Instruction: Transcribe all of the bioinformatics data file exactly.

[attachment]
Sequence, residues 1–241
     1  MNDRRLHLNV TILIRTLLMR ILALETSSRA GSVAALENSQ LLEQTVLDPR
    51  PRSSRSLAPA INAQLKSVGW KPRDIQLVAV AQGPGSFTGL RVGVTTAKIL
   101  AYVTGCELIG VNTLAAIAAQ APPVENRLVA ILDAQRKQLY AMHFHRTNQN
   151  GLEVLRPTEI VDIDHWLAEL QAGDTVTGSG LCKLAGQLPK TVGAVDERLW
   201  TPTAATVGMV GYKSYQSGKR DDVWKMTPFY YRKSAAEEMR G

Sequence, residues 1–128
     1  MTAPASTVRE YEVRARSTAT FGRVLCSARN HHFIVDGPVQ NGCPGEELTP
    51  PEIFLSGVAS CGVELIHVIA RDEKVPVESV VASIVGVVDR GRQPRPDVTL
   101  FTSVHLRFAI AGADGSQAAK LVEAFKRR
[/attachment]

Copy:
Sequence, residues 1–241
     1  MNDRRLHLNV TILIRTLLMR ILALETSSRA GSVAALENSQ LLEQTVLDPR
    51  PRSSRSLAPA INAQLKSVGW KPRDIQLVAV AQGPGSFTGL RVGVTTAKIL
   101  AYVTGCELIG VNTLAAIAAQ APPVENRLVA ILDAQRKQLY AMHFHRTNQN
   151  GLEVLRPTEI VDIDHWLAEL QAGDTVTGSG LCKLAGQLPK TVGAVDERLW
   201  TPTAATVGMV GYKSYQSGKR DDVWKMTPFY YRKSAAEEMR G

Sequence, residues 1–128
     1  MTAPASTVRE YEVRARSTAT FGRVLCSARN HHFIVDGPVQ NGCPGEELTP
    51  PEIFLSGVAS CGVELIHVIA RDEKVPVESV VASIVGVVDR GRQPRPDVTL
   101  FTSVHLRFAI AGADGSQAAK LVEAFKRR